Cyber Defense is Hard and NOT Glamerous

Whereas Hacking is hard but includes a level of cool factor in the world (criminal or ethical).

A new report came out yesterday from Rand.org:

http://www.rand.org/pubs/research_reports/RR1024.html

defendersdilemma

 

It is a PDF that can be downloaded for free and is only 162 pages.

http://www.rand.org/content/dam/rand/pubs/research_reports/RR1000/RR1024/RAND_RR1024.pdf    (if you have not noticed, on my site unless the link is ~100-lots- characters long I like to place the whole link so that you can be certain what you are clicking on)

The report is well researched and validates most cyber defense issues including some that I have written about here.

 

Chief Information Security Officers(CISO) feel attackers that have the upper hand, and will continue to have it.  Here is a particularly pessimistic quote:

“It will get worse before it gets better, and I do not know if things will get better,” one observed.

Black Hat discussion about this subject post from October 2014:

http://oversitesentry.com/my-it-is-outsourced-i-dont-worry-about-security/

The fundamental problem in defense(also blue team) is that we have to defend all the computers, networks, and now mobile devices.

Sun Tzu Book  “Art of War”  http://suntzusaid.com/book/6

[ You can ensure the safety of your defense if you only hold positions that cannot be attacked. ]

And since we don’t have places that cannot be attacked on the Internet, this is why we get into “risk management”, where we now create weak points for the attacker to attack.

As I have mentioned in the post from March 20 http://oversitesentry.com/why-risk-management-model-failed-us/

Here are the challenges as stated in a concise diagram (from rand.org paper):

measurecountermeasure-defendersdilemma-rand.org

It is a good diagram to make sure it is understood fully, in case a partial understanding exists, further learning would be required.

 

The attackers (red team) always can get a way into the organization because of user failures including password mismanagement, or spear phishing attacks.

If a social engineer attacks –> calls your employee and asks for their password which is then given, how do you defend against that?

The only way is user-awareness training, but whenever people are involved potential mistakes can occur.

 

The cycle of vulnerabilities discovered and patch deployment is also covered:

vulnerability-attacktimeline

 

 

 

Unfortunately for some patching computers on a regular basis does not occur, so even old vulnerabilities unpatched can be dangerous.

 

The real problem in defense is that patching computers and other electronic devices takes an enormous effort to  stay ahead of the game. Of course some computers (WindowsXP) can no longer be patched.

The life of a vulnerability until it is patched in all systems can be some time (pg 79 in the report)

Vulnerabilities are patched within 120 days on average and a vulnerability found by one person has a 10% chance of being found by another over a year.  So how can we  ensure that we find all the vulnerabilities every time new code is introduced?  It is through fuzzing and 60 million test cases on a zero-day vulnerability for Firefox.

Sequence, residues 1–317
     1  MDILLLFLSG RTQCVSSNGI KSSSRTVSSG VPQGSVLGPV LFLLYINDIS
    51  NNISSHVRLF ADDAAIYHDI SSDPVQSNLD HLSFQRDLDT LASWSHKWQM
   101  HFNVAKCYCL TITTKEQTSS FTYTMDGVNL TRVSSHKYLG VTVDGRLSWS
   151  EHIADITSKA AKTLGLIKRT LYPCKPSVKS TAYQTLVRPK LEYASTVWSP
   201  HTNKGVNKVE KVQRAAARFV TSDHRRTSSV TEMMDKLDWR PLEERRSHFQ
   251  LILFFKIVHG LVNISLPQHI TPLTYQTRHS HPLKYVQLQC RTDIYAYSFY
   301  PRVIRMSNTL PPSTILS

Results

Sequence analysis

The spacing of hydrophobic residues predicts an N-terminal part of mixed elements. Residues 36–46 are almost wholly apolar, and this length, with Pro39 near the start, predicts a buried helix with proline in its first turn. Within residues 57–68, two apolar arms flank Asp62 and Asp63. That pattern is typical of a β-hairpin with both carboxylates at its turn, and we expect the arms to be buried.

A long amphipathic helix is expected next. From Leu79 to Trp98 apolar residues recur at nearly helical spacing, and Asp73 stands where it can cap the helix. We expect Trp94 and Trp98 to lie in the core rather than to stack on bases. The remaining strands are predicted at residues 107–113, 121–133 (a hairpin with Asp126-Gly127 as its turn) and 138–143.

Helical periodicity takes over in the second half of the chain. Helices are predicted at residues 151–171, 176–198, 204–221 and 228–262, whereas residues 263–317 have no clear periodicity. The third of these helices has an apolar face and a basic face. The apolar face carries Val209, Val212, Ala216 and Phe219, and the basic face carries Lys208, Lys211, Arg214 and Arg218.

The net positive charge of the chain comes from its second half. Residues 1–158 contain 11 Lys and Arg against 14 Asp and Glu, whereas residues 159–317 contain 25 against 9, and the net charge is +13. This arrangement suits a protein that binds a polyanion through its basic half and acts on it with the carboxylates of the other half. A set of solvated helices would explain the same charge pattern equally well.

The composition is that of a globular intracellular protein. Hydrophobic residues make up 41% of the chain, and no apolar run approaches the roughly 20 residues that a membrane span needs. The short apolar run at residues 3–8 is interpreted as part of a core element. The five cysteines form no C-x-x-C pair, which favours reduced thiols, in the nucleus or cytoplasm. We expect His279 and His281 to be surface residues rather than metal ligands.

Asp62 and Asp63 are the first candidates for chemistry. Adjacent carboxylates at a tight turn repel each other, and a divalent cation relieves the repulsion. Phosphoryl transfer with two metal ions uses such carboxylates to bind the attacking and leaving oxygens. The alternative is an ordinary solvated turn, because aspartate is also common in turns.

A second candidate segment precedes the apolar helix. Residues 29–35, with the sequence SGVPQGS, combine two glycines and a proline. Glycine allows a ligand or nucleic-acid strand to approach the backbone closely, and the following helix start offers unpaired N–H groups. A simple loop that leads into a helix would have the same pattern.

Then there is (Return Oriented Programming) which bypasses a mitigation technique of Microsoft’s (DEP)

This leads us to both offense and defense try to find flaws first:

offensevsdefensescramble-rand.org

As more devices get connected (per Cisco ) to the tune of 7 devices for each person by 2020 these devices need to be patched properly.

The difficulties in Cybersecurity also depends on the type of organization to defend (what size is the org).

4 different sized orgs, 5 categories of diligence, and 5 categories of value.

Means there are 100 types of orgs (4*5*5)

Loss is defined as value at risk * external hardness * internal hardness

You have to see all the results of these graphs, but training rises as a function of size in year 0(2015) and 10(2025)

 

 

 

Let’s assume we can do a small amount of forecasting, 10 year forecasting is folly… Other than that this report is very interesting to see that a large effort at quantifying cybersecurity  comes up with the conclusion

Small businesses are in trouble, because likely will not spend the money or training to defend properly.

 

Therefore there will be losses from cyberattacks  to the tune of 7.8% in 2015 (I wont mention 2025- will be higher).

Although the losses from larger organizations are higher% they also have more to lose.

The final lessons are that self-knowledge is important, since knowing what is on your machines and the risk associated will at least give an understanding of the challenge.

Reputation was considered very important to the people surveyed.

Deciding what to defend  (perimeter defense or interneal systemic defenses)

The amount of investment in Cybersecurity will go up or the cyberattacks will cost money – either way you will have to spend more.  I suppose maybe the real purpose for this report is for RAND customers to be more comfortable in spending more money.

 

 

 

 

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